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Wimbledon 2015: Vasek Pospisil drawing on experience of SW19 doubles title glory

By Robert Jones

Vasek Pospisil's parents fled communist Czechoslovakia before his dad Milos taught himself how to coach his son into a professional tennis career.

Andy Murray's latest Wimbledon opponent knows all about hard graft and family sacrifice - so will be completely unfazed by the hostile home crowd in today's SW19 quarter-final.

Pospisil was born in Canada two years after his parents had earned enough money to swap Austria for the British Columbia town of Vernon.

The 25-year-old's parents would drive him on a 90-minute round trip through snow-laden roads every day to reach the nearest indoor court in winter.

After defeating British hope James Ward in the third round, the World No 56 is confident he can cope again with a partisan crowd against 2013 Wimbledon champion Murray.

"It doesn't really faze me too much playing in front of crowds that are against me," said Pospisil.

"I like playing in front of big crowds, in general - it doesn't matter if they are against me or cheering for me.

"Obviously I'd prefer them to be on my side, but I tend to play well in those kinds of situations. So I'm not worried about that."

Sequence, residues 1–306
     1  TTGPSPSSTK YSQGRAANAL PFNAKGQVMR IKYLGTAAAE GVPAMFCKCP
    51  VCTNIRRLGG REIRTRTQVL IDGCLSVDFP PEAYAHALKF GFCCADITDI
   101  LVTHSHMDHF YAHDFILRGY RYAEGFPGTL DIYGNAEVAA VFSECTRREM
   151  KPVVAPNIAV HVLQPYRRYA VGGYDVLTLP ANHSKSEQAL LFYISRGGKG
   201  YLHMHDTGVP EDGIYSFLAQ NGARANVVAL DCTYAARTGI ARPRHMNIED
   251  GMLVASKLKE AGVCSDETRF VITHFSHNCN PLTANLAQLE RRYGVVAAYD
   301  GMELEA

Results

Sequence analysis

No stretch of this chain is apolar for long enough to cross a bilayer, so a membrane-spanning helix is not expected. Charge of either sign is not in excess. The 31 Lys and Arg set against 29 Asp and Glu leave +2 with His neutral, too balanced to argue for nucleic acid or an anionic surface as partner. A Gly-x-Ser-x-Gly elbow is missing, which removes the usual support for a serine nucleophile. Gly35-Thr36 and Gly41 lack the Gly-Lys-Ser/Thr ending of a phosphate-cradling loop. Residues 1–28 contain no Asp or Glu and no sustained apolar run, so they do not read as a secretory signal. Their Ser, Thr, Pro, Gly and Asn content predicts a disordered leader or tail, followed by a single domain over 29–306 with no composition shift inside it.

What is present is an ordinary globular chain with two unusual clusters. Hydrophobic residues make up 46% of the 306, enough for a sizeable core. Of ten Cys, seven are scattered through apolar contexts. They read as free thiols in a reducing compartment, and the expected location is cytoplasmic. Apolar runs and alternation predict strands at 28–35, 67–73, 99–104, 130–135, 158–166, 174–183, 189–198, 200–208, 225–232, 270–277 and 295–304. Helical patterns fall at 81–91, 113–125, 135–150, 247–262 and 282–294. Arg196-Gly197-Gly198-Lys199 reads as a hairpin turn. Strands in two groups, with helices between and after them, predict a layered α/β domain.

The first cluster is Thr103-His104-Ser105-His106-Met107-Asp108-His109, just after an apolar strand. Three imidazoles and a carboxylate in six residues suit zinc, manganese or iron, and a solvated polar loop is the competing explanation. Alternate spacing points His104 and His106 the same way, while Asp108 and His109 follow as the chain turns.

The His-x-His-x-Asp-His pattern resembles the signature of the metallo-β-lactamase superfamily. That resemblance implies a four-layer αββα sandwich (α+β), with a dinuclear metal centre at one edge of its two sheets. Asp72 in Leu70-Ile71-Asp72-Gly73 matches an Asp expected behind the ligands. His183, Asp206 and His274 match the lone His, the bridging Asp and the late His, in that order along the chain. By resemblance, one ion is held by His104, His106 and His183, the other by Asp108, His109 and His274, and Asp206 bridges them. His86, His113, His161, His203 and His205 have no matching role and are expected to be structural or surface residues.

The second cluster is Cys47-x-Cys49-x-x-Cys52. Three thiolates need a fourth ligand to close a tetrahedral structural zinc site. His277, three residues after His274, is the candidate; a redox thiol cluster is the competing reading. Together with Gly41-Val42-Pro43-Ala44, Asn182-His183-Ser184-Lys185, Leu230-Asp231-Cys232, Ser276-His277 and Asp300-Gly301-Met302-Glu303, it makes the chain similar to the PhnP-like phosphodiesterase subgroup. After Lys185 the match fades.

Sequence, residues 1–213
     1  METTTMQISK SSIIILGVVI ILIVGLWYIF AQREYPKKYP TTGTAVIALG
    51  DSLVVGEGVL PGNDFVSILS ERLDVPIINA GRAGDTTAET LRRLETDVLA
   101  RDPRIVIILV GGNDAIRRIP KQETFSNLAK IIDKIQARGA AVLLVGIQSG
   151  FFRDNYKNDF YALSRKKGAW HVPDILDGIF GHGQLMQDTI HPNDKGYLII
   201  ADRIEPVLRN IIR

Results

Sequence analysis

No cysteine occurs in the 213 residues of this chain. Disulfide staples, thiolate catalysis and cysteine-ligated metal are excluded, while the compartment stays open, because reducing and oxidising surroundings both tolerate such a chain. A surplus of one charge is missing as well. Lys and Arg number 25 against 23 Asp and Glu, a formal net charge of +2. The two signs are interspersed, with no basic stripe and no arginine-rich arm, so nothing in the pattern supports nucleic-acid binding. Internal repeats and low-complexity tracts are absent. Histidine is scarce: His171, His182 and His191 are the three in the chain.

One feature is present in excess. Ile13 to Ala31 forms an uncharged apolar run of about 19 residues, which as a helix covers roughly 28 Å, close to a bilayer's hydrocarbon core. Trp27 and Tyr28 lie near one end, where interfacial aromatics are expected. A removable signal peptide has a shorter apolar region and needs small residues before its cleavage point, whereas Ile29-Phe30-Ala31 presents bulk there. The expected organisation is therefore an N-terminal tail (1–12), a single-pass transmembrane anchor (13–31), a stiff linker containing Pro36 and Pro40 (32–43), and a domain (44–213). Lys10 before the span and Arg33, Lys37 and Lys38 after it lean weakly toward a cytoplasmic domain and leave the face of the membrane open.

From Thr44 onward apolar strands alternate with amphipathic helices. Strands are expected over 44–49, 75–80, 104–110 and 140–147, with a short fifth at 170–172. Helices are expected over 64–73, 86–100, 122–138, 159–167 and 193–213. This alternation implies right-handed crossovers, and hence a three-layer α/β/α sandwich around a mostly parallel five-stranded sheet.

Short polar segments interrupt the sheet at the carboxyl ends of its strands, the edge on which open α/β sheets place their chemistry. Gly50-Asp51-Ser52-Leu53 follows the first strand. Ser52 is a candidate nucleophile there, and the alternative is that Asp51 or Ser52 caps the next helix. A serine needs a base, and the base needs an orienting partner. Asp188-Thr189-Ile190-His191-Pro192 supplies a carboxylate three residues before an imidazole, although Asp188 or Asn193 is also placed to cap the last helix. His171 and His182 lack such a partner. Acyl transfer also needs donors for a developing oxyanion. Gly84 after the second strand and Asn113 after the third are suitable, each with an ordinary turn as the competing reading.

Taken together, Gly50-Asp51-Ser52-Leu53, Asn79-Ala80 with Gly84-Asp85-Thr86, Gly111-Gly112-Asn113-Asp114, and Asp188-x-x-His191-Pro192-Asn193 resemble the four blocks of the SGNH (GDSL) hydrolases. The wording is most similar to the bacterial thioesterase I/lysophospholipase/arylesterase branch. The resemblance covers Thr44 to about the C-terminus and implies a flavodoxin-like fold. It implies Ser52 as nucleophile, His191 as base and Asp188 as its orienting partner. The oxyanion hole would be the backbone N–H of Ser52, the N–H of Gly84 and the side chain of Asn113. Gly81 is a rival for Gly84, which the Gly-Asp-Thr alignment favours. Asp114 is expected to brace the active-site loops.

Pospisil completely changed his diet to overcome glandular fever in 2013, and has already realised his best-ever Grand Slam performance at Wimbledon this year.

The fast-improving Canadian paired up with Jack Sock at the last minute at Wimbledon last year, claiming the doubles title and earning the nickname 'Popsocks' in the process.

Pospisil believes that Centre Court men's doubles title victory will help when he faces two-time Grand Slam winner Murray on the showpiece court.

"I had one Centre Court experience, and it was a great one," said Pospisil. "I'm looking forward to going out there again and giving it my best for sure.

"I realise that it's going to be a tough feat to accomplish, to beat Andy here at Wimbledon, his home court.

"I will try and take the positive memories of last year and my good form from this past week."

Meanwhile, Nick Kyrgios has called former Australian swimming champion Dawn Fraser "a blatant racist" after she claimed the country's tennis stars should be setting a better example or "go back where their parents came from".

Fraser made the comments in the wake of Kyrgios' fourth-round defeat by France's Richard Gasquet at Wimbledon, where the 20-year-old was criticised for appearing to give up a game.

Kyrgios, who denied accusations of shirking, went on to lose 7-5 6-1 6-7 (7-9) 7-6 (8-6) but could face some sort of punishment.

Fraser's comments about Kyrgios' second-set performance moved on to remarks about the heritage of the Canberra-born player, whose father is from Greece and mother was born in Malaysia

Kyrgios hit out at Fraser's comments on his Facebook page.

He said: "Throwing a racket, brat. Debating the rules, disrespectful. Frustrated when competing, spoilt. Showing emotion, arrogant. Blatant racist, Australian legend."

Fraser later denied that her remarks were racist.

Belfast Telegraph


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